In the ReeMAP project, LKAB is developing new technology for upgrading mine waste to mineral fertiliser, rare earth elements, fluorine and gypsum.
LKAB is now recycling mine waste in a new pilot plant
The first step is to produce apatite concentrate in Malmfälten, which is now being done in a recently commissioned pilot plant.
“The two plants, which we plan to build in Kiruna and Malmberget, will have a combined capacity to produce about 400,000 tonnes of apatite per year,” explains Ulrika Håkansson, Project Manager for the ReeMAP project.
An LKAB group effort
The technology and business development project is being led by LKAB Minerals, but with resources and expertise from throughout the LKAB organization, particularly from the Technology and Process Development organisation.
Erik Niva, Senior Research Engineer, works with process development at the pilot plant. He explains that both tailings from the concentrating plant and waste material from the sorting plant operations are processed, the latter of which is first milled.
“We upgrade the material in several stages to produce an apatite concentrate. Flotation is the central process whereby we add a coagulation reagent that is attracted to the surface of the apatite grains, to which it adheres. The reagent causes the apatite grains to stick to the air bubbles that are introduced into the flotation cell. The apatite is then carried by the air bubbles to the surface, forming a foam which is then extracted and dried”, says Erik Niva.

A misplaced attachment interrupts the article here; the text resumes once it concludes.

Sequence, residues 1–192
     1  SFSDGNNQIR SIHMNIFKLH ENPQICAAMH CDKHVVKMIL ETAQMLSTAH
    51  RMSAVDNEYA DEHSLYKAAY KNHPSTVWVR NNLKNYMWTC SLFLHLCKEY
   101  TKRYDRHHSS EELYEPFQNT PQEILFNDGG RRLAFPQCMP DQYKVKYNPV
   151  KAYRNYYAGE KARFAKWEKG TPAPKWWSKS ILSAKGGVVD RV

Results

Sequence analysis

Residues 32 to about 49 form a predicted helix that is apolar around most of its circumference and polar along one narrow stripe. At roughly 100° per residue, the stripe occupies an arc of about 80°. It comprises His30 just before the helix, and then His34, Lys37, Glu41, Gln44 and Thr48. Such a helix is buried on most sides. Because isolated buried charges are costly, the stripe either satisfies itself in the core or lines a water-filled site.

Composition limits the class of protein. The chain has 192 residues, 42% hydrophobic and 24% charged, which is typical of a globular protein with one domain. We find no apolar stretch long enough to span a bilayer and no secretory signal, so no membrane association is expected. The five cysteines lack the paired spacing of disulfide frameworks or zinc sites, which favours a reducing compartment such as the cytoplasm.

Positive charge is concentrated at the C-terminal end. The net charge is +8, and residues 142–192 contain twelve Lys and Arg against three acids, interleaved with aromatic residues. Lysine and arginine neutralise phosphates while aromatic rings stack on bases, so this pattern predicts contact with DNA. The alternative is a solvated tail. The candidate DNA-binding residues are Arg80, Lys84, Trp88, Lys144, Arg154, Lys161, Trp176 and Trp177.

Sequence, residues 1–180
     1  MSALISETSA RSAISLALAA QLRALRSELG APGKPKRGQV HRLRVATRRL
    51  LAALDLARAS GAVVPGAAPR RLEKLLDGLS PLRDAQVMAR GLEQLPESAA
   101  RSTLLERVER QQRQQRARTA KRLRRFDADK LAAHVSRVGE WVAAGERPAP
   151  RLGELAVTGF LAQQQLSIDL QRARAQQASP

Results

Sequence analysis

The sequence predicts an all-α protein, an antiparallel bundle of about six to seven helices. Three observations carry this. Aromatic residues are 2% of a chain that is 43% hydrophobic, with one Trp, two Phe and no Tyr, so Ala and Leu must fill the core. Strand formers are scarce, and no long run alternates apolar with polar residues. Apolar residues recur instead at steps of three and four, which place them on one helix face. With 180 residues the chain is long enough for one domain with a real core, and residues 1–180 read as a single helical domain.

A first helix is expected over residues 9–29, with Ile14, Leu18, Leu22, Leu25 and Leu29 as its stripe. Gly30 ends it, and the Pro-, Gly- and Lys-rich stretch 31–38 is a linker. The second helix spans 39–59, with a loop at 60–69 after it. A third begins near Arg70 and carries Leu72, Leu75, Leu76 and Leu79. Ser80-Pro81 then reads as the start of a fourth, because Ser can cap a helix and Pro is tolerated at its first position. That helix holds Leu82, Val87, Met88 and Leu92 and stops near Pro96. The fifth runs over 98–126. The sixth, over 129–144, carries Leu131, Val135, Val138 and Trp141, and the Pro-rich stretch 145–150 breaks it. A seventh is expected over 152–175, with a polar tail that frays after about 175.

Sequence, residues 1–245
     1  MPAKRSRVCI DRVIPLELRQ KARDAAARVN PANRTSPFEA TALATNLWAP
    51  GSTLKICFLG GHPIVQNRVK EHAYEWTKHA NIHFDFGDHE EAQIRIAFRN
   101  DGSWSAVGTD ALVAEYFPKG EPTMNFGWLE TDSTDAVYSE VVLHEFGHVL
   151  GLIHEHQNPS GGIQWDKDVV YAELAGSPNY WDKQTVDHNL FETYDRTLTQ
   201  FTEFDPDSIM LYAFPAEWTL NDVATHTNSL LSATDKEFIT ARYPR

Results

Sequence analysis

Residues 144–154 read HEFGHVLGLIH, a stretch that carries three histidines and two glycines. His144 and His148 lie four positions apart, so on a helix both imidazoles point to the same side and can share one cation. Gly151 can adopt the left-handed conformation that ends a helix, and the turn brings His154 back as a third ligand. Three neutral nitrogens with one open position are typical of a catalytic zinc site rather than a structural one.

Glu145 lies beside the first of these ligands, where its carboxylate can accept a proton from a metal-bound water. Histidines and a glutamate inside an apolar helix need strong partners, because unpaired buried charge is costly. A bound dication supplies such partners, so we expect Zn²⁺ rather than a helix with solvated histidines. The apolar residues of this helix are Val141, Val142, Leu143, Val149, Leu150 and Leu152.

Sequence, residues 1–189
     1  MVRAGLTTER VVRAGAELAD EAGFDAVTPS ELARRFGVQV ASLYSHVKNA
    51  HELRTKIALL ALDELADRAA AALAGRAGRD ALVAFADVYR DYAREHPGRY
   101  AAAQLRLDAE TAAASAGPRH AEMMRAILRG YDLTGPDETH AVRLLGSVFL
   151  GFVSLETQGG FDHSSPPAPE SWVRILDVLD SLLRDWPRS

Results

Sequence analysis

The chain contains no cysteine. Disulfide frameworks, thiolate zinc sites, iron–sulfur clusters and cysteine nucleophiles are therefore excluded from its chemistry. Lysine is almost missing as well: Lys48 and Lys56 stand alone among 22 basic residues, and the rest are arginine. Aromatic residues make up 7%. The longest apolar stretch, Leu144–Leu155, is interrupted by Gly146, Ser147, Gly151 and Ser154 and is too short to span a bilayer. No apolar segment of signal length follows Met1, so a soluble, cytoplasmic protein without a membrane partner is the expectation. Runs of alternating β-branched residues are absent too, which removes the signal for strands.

The tests have been successful. “Like a full-scale production plant, the pilot plant allows continuous operation and, here, our previous laboratory trials have been confirmed. The mobile plant will soon be moved to Kiruna for a new production campaign during the autumn,” says Erik Niva.
Past experience with apatite
LKAB produced apatite during the period 1978–1988, after which low levels of apatite in the Kiruna ores, in combination with a lower value of the product, meant that production was phased out. Therefore, the key is to develop knowledge and technology that will enable utilisation of the valuable minerals contained in the apatite concentrate.
“With the aid of innovative chemical engineering, the next step is to upgrade the products to phosphorus-based mineral fertilisers and rare earth elements. These have been classed by the EU as critical raw materials since we are dependent on them and domestic production is lacking. In the process, large amounts of high-grade gypsum and fluorine will also be produced. We are now in an intensive phase of the prestudy, where we are both developing the technology and considering the best location for establishing this high-tech industry. But, more about that at a later date. For the time being, I would like to highlight the successful work we are doing with the pilot plant for apatite,” says Ulrika Håkansson, Project Manager for the ReeMAP project.